David Wray

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Motivating Ourselves when We’d Rather do Anything Else!

Dilbert cartoon on motivating ourselves. Credit Scott Adams

Motivating ourselves versus motivating others

Motivating ourselves (or remaining motivated) can be trying in the best of circumstances. 

Driving us to naturally wonder: how can can sustain high levels of motivation when we are faced with a “to-do list” that seems to grow every day? Add to this expanding responsibilities to help kids with homework, a growing pile of laundry, the furnace and car decide to die at the same time, and….you can’t find time to work on your own hobbies!

Yikes…

We know quick-fixes and popular psychology advice to put a picture of your ideal body image on the fridge to help with weight loss or putting yellow sticky notes around the house with hand-written motivational sayings (“I will earn a million dollars in 30 days” or “I will find my soul-mate in 202x) are wholly ineffective. Why? Motivation is not a magic trick and does not come in gift box or handy pill. However, it absolutely is something you can leverage by design and then use to your advantage.

You’ve undoubtedly heard the traditional “Good job” or “Thank you” remarks in the office. This approach is designed, for the most part, to convey two simple messages:

  1. To reinforce the importance of the work you do, and
  2. To motivate you by recognizing and celebrating your achievement

This is easy to understand from the perspective of motivating others, but how does this translate into how we motivate ourselves?

Four steps to motivating ourselves

  1. Clarity of Purpose
  2. Developing a bullet-proof plan
  3. Flex yourself to allow for course corrections
  4. Set a strategy for dealing with flagging motivation

There are several strategies, however every effective one starts with clarity of purpose (goals, outcomes or objectives). Choose the term that works best for you.

Getting further into the self-motivational steps

  1. Clarity of Purpose: I prefer “The Disney Strategy”, previously shared in From Daydreaming to Reality. The idea is vividly visualizing the outcome. Motivation comes from seeing, feeling, hearing, tasting, and touching it. You see the crowd smiling as you walk on-stage, feel the opening rush of energy, hear laughter when you use humour, and see, feel, and hear the applause when you finish.
  2. Developing a bullet-proof plan: I use “PECSAW”, shared in Goal Setting to Achieve Your Dreams. The idea is to reduce noise in our busy world where it’s easy to get distracted. PECSAW reinforces the goal’s positive purpose, then broken down into smaller bite-sized pieces. This is important because achieving small successes triggers the brain’s reward centre releasing dopamine (a naturally occurring feel-good brain chemical). Success naturally focuses us to do the same again with another bite-sized step.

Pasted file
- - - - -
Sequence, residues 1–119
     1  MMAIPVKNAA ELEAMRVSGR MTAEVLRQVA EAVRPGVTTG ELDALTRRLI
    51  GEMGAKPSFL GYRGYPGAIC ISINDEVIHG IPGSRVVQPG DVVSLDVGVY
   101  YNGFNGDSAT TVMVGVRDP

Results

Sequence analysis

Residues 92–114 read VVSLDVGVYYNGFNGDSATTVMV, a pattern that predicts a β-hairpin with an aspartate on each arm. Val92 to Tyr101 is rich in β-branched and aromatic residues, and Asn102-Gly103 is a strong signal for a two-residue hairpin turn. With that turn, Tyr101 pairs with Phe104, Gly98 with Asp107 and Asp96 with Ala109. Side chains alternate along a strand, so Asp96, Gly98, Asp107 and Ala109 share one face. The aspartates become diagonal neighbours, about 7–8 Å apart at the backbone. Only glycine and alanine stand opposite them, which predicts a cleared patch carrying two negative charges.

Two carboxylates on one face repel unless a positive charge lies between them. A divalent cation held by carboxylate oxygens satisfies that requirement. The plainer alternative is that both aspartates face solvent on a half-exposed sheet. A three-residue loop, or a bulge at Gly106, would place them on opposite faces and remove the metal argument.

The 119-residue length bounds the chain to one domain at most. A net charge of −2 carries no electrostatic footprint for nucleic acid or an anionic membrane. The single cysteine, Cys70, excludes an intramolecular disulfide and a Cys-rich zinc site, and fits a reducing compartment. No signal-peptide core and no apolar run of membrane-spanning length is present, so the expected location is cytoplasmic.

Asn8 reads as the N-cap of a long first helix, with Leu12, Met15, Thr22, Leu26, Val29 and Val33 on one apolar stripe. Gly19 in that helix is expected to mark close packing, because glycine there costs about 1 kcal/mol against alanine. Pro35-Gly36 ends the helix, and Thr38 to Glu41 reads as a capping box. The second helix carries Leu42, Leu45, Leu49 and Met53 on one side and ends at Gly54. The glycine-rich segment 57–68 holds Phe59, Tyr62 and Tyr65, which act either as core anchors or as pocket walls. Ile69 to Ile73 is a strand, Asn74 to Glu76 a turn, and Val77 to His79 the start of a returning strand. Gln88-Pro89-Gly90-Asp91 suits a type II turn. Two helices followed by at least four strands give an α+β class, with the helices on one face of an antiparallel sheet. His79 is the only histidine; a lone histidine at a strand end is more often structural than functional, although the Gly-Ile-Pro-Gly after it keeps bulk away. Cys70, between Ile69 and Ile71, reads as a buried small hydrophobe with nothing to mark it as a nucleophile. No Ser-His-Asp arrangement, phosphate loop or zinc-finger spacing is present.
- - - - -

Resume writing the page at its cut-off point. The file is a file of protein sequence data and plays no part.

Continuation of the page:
3. Flex yourself to allow for course corrections: even the best-laid plans can go sideways. Many expressions remind us of this “Rome wasn’t built in a day”, or “We cannot direct the wind, but we can adjust the sails.” The basic idea is that when something pushes the plan off track, we flex our approach and time to get it back on track. Plans are flexible not rulebooks!
  4. Set a strategy for dealing with flagging motivation: here PECSAW is particularly helpful, by reminding us of why we do are doing something when things get rough. In these moments, we benefit by knowing ourselves, and our motivational style. By understanding our style, we can leverage it to put ourselves back on track. Do we need motivation from others, or do we lean on ourselves? Use visual techniques to see how far you’ve come, see your successes, or see how close you are to achieving your goal!

Motivating Ourselves – a Case in Point

Let us consider the infamous philosophy of Thomas Edison as a backdrop to motivating ourselves and remaining so:

I have not failed. I’ve just found 10,000 ways that won’t work. The most certain way to succeed is always to try just one more time.

Thomas Edison

Edison embodied the idea of purpose – he was driven to create an incandescent bulb and successfully did so after 10,000 attempts. It would have been easy to give up well before then, but he was motivated by his purpose, and nothing got in the way of that! His positive perception led to him being one of America’s greatest inventors.

Final Thoughts

By understanding what drives us, we hold the keys to limitless possibilities where motivation becomes an enabler for achieving our dreams, no matter how big or small.

What could you do in your life with clarity of purpose and focus?  

Your turn

Sign in to the Community Member Area or comment below to share your views on how to jump-start your motivation when you’d rather do anything but what you need to do or are expected to do. Give it a try!

Credit Dilbert cartoon: Scott Adams

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